Economic inequality (also known as the gap between rich and poor) consists of disparities in the distribution of wealth and income.
- Discuss the causes of economic inequality
- Economic inequality refers to inequality among individuals and groups within a society, but can also refer to inequality among countries.
- Inequality is most often measured using the Gini coefficient, a statistic used to demonstrate the dispersion of wealth in a group.
- Both the capitalist market and government interventions can increase or decrease the level of inequality in a society.
- supply and demand: An economic model of price determination in a market based on the relative scarcity or abundance of goods and services.
- gini coefficient: A measure of the inequality of a statistical distribution, ranging from zero (total equality) to one (maximal inequality), used in various disciplines but especially in economics to compare incomes or wealth.
- Capitalist Market: Refers to an economic system in which supply and demand determines the cost of goods and wages for services.
Economic inequality (also known as the gap between rich and poor, income inequality, wealth disparity, or wealth and income differences) consists of disparities in the distribution of wealth (accumulated assets) and income. The term typically refers to inequality among individuals and groups within a society, but can also refer to inequality among countries. The issue of economic inequality is related to the ideas of equity: equality of outcome and equality of opportunity. There are various numerical indices for measuring economic inequality, but the most commonly used measure for the purposes of comparison is the Gini coefficient (also known as the Gini index or Gini ratio for Italian statistician and sociologist Corrado Gini). The Gini coefficient is a statistical measure of the dispersal of wealth or income. A Gini coefficient of zero indicates that there is perfect equality—assets are equally divided between all people in the group. A Gini coefficient of one indicates that all of a group’s wealth is held by one individual. Most countries fall toward the middle of this range.
There are many reasons for economic inequality within societies, and they are often interrelated. Acknowledged factors that impact economic inequality include, but are not limited to:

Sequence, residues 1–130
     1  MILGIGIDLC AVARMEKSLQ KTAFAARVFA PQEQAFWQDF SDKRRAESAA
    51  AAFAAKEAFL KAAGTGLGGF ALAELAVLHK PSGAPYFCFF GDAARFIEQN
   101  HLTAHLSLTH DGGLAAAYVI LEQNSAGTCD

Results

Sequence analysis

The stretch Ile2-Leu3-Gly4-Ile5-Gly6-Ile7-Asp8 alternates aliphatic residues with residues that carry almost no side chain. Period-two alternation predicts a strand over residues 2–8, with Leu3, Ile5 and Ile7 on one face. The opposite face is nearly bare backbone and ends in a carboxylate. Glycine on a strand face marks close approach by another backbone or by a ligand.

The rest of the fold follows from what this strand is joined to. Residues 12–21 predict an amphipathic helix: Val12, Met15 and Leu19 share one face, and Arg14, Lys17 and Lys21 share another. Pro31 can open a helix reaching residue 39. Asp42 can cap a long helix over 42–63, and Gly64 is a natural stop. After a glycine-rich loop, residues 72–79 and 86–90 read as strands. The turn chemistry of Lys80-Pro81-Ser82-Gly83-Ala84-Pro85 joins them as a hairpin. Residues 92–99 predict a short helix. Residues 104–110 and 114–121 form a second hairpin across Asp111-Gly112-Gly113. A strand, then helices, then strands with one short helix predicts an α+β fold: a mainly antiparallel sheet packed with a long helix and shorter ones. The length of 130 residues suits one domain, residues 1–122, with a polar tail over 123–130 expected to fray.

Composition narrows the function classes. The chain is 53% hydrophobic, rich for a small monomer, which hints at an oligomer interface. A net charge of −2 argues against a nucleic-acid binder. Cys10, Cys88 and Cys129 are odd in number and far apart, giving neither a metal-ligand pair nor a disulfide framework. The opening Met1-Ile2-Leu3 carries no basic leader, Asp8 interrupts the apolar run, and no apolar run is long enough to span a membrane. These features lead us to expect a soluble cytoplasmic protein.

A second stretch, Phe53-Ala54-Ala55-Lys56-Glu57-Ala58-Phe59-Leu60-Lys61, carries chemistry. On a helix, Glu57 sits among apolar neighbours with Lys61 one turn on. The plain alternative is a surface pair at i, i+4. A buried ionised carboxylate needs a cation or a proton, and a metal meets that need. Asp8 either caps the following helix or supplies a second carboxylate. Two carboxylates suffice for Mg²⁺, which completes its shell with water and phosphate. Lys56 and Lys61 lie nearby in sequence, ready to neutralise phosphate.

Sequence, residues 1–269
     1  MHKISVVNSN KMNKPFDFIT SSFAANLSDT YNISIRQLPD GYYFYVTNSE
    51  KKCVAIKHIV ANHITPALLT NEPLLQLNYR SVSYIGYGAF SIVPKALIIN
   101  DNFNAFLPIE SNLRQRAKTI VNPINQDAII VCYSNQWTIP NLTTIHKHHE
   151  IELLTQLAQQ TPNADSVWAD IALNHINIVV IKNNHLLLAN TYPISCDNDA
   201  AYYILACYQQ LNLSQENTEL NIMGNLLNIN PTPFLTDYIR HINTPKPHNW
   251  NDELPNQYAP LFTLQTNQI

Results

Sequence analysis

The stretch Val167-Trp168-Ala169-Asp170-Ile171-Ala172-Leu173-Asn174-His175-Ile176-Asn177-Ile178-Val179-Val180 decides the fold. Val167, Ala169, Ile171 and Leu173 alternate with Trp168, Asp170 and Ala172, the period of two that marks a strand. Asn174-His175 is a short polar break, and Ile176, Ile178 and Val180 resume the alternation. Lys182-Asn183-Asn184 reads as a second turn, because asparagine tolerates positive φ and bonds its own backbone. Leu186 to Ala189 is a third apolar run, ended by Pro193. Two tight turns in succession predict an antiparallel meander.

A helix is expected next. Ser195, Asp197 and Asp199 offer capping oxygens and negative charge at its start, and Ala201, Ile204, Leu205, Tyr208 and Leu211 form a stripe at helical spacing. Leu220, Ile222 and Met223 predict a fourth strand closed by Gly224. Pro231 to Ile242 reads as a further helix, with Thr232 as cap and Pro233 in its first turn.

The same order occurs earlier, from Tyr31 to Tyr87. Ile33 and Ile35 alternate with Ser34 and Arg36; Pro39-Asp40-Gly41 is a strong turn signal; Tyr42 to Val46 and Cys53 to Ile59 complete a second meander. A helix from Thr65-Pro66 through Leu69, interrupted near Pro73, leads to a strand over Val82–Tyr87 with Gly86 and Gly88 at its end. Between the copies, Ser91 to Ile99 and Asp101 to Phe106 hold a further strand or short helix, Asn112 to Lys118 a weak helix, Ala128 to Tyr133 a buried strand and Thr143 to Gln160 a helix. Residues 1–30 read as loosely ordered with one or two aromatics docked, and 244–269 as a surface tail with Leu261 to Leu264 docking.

- Inequality in wages and salaries;
- The income gap between highly skilled workers and low-skilled or no-skills workers;
- Wealth concentration in the hands of a few individuals or institutions;
- Labor markets;
- Technological changes;
- Policy reforms;
- Computerization and growing technology;
- Innate ability
A major cause of economic inequality within modern economies is the determination of wages by the capitalist market. In the capitalist market, the wages for jobs are set by supply and demand. If there are many workers willing to do a job for a great amount of time, there is a high supply of labor for that job. If few people need that job done, there is low demand for that type of labor. When there is high supply and low demand for a job, it results in a low wage. Conversely, if there is low supply and high demand (as with particular highly skilled jobs), it will result in a high wage. The gap in wages produces inequality between different types of workers.
Apart from market-driven factors that affect wage inequality, government sponsored initiatives can also increase or decrease inequality. Social scientists and policy makers debate the relative merits and effectiveness of each approach to regulating inequality. Typical government initiatives to reduce economic inequality include:
- Public education: Increasing the supply of skilled labor and reducing income inequality due to education differentials.
- Progressive taxation: The rich are taxed proportionally more than the poor, reducing the amount of income inequality in society.
- Minimum wage legislation: Raising the income of the poorest workers
- Nationalization or subsidization of products: Providing goods and services that everyone needs cheaply or freely (such as food, healthcare, and housing), governments can effectively raise the purchasing power of the poorer members of society.